Entertainment!

One of the first comments I got regarding my playlist post was the following from SFPaul.

I’m always surprised when it appears that music falls low on the priority list for a restaurant. Don’t they understand the roll of music is to the human experience and how it has accompanied us for thousands and thousands of years.
To have it be an afterthought tells me a lot about the management and how little they care about the dining experience as a whole.

As far as I can tell, the combination of music and intoxicating substances goes back as far as both have existed in human history. However, since many animals have been known to consume spontaneously fermented or naturally intoxicating substances, maybe longer. Who knows what those drunk Cedar Waxwings in the berry tree are saying to each other?

Music in bars would have first started, I presume, as spontaneous communal entertainment and drinking games.

Soon after, someone who was better at performing or singing than average probably received a drink, (or chicken,) for their stellar efforts and realized there were some goods or services which could be received for their efforts.

A couple centuries pass and soon the technology for performing songs without actual human musicians becomes possible. First clockwork bands and player pianos, then audio recording and playback. The iconic Jukebox of the 1950s diner and eventually the iPod.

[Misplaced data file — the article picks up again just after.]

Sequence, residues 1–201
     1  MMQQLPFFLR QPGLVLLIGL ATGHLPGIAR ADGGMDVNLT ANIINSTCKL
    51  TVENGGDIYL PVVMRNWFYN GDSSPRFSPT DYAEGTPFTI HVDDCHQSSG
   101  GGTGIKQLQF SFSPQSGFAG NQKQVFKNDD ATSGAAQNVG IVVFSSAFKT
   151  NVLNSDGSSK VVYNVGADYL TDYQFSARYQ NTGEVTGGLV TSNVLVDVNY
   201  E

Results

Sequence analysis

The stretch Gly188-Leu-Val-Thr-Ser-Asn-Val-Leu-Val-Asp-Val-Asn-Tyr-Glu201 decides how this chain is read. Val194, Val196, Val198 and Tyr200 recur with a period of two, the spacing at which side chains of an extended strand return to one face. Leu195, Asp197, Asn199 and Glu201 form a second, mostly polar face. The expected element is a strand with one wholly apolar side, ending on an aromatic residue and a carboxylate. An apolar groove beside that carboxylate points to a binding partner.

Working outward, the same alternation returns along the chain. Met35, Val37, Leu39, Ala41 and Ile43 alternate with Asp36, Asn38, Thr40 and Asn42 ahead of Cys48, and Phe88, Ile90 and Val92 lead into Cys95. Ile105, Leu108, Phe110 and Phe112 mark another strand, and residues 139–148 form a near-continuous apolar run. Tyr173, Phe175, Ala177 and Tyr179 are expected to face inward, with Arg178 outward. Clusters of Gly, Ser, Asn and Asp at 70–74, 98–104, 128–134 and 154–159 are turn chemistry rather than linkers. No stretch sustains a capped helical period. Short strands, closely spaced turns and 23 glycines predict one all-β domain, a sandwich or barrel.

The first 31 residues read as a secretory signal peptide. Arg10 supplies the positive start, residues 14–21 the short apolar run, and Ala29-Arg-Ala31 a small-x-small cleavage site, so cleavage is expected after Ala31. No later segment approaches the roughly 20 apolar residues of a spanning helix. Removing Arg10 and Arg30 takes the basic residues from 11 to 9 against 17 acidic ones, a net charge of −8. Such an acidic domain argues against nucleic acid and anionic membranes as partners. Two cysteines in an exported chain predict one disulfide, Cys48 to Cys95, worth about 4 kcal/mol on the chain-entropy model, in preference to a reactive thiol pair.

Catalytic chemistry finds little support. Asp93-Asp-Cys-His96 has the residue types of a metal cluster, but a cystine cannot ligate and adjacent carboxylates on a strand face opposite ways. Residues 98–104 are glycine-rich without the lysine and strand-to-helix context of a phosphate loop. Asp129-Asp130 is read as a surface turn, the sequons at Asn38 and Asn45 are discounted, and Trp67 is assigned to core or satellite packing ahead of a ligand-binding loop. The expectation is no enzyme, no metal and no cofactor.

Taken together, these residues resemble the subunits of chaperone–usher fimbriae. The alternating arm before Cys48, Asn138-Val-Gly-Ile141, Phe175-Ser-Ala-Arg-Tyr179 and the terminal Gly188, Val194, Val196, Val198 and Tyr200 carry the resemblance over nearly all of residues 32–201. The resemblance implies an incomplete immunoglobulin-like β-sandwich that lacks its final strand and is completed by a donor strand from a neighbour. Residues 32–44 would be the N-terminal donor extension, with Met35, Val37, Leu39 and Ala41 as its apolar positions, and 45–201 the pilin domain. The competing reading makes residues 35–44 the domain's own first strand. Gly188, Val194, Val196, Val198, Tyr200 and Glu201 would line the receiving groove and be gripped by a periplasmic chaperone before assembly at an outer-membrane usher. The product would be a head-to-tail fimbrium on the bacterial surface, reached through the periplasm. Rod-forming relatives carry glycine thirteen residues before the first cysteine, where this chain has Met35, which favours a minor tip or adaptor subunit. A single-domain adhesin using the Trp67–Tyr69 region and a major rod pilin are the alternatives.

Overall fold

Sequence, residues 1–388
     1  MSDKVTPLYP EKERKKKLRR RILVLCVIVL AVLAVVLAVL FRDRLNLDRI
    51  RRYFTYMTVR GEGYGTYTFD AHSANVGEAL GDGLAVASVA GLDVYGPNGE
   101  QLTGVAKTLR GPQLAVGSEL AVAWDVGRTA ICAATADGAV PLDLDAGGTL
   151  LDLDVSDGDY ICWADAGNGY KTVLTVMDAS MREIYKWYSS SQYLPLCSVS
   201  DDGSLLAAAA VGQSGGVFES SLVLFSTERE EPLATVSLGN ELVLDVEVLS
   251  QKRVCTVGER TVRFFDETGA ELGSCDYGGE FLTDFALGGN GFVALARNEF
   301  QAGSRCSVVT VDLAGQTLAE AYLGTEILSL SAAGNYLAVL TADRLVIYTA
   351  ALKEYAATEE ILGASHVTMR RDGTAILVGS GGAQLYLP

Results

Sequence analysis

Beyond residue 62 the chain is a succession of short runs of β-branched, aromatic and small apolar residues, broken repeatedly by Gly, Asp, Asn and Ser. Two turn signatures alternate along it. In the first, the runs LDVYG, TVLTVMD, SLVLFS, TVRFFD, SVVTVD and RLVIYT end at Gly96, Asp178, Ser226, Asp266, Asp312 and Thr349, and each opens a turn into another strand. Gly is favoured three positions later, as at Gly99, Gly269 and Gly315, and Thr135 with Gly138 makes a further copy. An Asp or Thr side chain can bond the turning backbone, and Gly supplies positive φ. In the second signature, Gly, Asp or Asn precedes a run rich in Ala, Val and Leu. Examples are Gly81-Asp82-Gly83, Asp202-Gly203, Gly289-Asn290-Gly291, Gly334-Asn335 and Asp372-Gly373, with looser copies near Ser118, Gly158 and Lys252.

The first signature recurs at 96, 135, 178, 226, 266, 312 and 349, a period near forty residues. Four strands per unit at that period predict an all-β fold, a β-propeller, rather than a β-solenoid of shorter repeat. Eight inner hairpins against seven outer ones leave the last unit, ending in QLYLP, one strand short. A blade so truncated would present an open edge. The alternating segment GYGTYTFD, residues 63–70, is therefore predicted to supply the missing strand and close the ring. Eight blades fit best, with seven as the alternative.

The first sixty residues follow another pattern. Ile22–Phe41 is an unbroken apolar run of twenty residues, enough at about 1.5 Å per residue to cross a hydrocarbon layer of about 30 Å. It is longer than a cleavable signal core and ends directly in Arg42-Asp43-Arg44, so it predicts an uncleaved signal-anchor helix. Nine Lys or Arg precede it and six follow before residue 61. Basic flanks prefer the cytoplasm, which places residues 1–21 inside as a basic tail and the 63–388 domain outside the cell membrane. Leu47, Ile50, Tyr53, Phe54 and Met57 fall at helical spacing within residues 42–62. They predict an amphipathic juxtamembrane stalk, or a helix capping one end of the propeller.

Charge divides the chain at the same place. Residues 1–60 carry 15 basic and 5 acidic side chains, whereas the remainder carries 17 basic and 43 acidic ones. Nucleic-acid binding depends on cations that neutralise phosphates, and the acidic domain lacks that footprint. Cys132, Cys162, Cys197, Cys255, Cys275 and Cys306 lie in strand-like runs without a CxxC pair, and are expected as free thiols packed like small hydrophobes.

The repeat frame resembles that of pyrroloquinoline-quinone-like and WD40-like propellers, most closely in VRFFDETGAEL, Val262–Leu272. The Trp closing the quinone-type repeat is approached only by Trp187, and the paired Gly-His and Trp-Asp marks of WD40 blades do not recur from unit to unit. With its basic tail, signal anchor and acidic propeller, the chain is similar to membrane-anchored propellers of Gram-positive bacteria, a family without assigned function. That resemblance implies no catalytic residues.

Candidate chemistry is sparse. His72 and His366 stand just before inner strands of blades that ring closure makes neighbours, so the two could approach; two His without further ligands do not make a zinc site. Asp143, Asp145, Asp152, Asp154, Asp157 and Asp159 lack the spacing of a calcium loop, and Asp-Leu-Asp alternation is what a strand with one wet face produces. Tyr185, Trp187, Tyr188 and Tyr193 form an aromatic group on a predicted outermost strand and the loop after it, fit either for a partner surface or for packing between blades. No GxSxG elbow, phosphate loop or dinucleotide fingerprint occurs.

Restaurants are trickier. I really am not sure when music started to become as ubiquitous as it currently is, as background music for dining. I tend to think, rather recently.

All the same, here we are, and restaurants, along with bars, are very nearly required, unless they are very, very fancy, to have some sort of background music for dining.

The Playlist Dilemma

Lately, I have almost become more obsessed with creating the ultimate playlist for our restaurant, than I have with cocktail recipes.

Some points:

  1. Almost all restaurants (and bars) have some sort of background music.
  2. The music has two audiences, primarily those who dine in the restaurant, but also those who work in the restaurant.

To the first point, the selection of music is important for the mood and feel of the restaurant. The management typically makes the call on what sort of music they want to hear in their restaurant.

A lot of restaurants these days are choosing to leave this choice to services like Muzak or Pandora.

As a music nerd, I prefer, and hope, that someone in the restaurant has enough vested interest that they have gone to the trouble to choose the music. One of my pet peeves is when you hear an awesome song in a restaurant, ask a server what it is, and they say, “I dunno, it’s the Morrisey Pandora Station.”

Or even worse, when you hear an awful song you never wanted to hear again in your life, and they say, “Eh, it’s the Flock of Seagulls Pandora Station, sorry about that.”

The question is, “How do you please the management, the staff, and the customers?”